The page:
They buried Harry Snedden with honor last week. They placed his cap upon a Canadian flag, which lay across his coffin, and from the crowded pews of St. Andrew’s Presbyterian Church in suburban Toronto they sang him to rest, privately measuring the meaning of his death.By Michael Posner8 min
Your interview with Lloyd Dennis (Sept. 4) was not only timely, but interesting and thought-provoking. The Hall-Dennis Report probably did more to blow fresh air into a stuffy education system than any other single publication in Canada.
The ancient Greeks regarded their northern cousins, the Macedonians, as little better than semi-civilized barbarians, but the early Macedonian kings produced a line of rulers that were to lead their people to mastery of the known world.By Paul Anastasi, Gerald Anglin6 min
For the residents of St. Pierre Jolys, a community of 1,000 located 40 kilometres south of Winnipeg, the tornado which ripped through southern Manitoba last June was the last straw, memorable not for what it hit, but for what it narrowly missed.By Judy Dobbie6 min
Don Green stood in the rain on the U.S. Coast Guard wharf at Harbor Beach, Michigan, watching as his crew struggled with the tangled shrouds and twisted metal that remained of Evergreen’s 56-foot, $18,000 mast, betrayed by an $11 below-decks fitting called a chainplate.By John Aitken6 min
When the League of Nations entrusted the windswept, sparsely populated territory of Namibia, then known as South-West Africa, to the government of neighboring South Africa shortly after the First World War, it emphasized that a solemn responsibility—a sacred trust of civilization—went with the mandate.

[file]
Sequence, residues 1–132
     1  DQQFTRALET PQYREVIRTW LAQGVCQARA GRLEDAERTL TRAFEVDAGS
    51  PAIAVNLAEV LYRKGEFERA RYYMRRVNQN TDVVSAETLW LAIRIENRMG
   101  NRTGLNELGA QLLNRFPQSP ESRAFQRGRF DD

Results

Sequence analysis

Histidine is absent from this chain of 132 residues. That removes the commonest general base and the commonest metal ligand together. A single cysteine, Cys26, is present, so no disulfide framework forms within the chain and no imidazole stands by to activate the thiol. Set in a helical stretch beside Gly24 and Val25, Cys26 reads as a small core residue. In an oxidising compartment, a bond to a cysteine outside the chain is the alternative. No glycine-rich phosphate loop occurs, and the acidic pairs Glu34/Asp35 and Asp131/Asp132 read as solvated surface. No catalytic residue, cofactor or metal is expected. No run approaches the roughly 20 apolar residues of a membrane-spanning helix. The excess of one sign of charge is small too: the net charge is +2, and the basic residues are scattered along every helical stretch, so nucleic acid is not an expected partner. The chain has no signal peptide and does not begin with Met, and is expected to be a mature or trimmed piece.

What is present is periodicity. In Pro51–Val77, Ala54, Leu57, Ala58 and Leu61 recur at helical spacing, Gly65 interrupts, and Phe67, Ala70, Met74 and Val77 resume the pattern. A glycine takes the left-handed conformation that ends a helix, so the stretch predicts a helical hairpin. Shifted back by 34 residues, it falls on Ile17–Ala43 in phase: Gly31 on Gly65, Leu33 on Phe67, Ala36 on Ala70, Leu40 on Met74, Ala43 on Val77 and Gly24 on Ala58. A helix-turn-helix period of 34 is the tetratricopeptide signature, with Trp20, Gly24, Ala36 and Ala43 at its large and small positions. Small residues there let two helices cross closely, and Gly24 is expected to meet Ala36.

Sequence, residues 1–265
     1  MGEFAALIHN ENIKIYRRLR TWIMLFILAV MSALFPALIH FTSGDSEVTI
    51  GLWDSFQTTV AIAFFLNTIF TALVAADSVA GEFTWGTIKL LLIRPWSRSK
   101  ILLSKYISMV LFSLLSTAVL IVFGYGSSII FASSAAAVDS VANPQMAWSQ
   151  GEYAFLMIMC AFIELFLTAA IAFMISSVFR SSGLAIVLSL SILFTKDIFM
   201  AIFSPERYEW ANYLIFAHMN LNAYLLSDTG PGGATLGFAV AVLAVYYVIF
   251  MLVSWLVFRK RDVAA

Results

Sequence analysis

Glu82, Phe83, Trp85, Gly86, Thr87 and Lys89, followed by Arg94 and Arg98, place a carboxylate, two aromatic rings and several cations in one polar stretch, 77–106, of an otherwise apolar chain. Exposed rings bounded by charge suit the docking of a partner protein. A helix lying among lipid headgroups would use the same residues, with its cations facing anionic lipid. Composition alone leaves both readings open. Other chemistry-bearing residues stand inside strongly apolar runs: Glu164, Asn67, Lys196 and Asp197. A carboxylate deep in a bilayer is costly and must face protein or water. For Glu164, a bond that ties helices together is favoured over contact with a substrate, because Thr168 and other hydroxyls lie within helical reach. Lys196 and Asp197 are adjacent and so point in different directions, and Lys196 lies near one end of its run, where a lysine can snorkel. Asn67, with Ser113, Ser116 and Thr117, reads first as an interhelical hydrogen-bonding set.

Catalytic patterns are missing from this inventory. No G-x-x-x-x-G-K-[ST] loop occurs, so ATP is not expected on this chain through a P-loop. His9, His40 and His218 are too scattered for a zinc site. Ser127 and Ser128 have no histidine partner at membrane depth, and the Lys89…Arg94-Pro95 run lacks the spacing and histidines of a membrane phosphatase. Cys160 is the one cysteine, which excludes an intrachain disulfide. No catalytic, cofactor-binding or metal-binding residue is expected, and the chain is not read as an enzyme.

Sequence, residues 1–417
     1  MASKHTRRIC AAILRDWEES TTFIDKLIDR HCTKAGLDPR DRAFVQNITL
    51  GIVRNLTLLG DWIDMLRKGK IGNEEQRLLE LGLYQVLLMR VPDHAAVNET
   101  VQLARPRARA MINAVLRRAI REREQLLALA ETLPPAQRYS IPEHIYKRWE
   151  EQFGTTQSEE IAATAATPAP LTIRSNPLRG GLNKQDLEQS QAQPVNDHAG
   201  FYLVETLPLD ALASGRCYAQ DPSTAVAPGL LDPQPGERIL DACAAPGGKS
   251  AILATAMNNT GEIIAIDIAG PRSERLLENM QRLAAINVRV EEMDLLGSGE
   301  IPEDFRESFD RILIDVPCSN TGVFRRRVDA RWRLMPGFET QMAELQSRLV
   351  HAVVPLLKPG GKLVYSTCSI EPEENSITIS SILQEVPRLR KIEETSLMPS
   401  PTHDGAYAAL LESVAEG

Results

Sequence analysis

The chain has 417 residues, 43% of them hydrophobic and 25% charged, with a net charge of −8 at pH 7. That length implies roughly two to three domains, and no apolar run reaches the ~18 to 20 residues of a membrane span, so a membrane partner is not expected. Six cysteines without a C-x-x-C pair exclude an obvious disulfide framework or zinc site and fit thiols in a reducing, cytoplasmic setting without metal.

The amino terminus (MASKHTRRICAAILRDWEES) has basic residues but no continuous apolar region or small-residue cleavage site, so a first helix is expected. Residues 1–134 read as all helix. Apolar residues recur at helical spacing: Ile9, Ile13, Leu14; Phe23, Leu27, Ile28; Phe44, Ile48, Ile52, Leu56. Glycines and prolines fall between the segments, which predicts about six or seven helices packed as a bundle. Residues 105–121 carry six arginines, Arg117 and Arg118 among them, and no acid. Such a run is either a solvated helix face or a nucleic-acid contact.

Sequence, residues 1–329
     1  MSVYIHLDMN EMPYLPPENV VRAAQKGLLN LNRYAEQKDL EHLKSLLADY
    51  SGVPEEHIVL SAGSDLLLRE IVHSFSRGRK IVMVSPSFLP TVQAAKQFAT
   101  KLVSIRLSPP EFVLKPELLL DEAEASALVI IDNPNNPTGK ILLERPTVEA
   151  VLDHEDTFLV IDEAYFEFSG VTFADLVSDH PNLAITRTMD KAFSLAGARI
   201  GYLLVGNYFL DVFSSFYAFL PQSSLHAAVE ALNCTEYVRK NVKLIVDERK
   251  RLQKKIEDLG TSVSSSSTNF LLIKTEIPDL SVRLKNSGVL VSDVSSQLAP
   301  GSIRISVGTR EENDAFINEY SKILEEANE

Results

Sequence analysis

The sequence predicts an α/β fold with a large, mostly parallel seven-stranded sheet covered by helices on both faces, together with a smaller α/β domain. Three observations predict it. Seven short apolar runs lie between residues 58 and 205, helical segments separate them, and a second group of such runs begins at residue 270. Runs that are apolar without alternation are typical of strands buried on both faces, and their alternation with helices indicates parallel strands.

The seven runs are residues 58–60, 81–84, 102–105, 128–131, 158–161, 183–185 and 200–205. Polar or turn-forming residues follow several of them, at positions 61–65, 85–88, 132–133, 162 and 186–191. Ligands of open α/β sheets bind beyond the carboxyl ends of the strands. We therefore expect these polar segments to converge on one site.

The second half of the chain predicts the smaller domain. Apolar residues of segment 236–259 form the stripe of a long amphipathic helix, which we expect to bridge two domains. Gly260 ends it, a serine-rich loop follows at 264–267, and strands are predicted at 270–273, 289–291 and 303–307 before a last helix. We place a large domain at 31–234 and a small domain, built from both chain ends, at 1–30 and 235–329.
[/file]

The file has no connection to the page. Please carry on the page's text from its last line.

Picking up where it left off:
Linda Ronstadt spent a good portion of her childhood stretched out on the cool cement floor of her family’s house in Tucson, Arizona, a small radio grafted to her ear. All she ever wanted to do was sound like the singers on the radio and in 1964, at the age of 18, she took off for Hollywood with $30 in her pocket.
Playwright, poet and teacher Henry Beissel has seen it all before. Last month’s Huron County school board banning of Margaret Laurence’s The Diviners; the recent campaign by eight federal MPs to arouse taxpayer support for cutting West Coast poet Bill Bissett off Canada Council grants for writing “pornography”; the petitions currently circulating the Maritimes to rout modern novels out of the classroom—all these symptoms sound too familiar to Beissel, a veteran of censorship battles since the 1963 relaxation of the Alberta Censors Act he won to allow Tom Jones into provincial movie theatres.By Julianne Labreche5 min
The parallel with the sequel to Egyptian President Anwar Sadat’s November, 1977, visit to Jerusalem was uncannily close. On the one hand there was the lonely figure of Sadat plodding down the road to peace ahead of his 40 million fellow countrymen.
As there’s been so much publicity recently about prodigious paperback advances for undeserving writers—$1 million here, $2 million there—I think it might be helpful to get the facts straight. To begin with, such advances against royalties are rare, exceedingly rare, and the bonanza isn’t quite what it appears to be.By Mordecai Richler4 min
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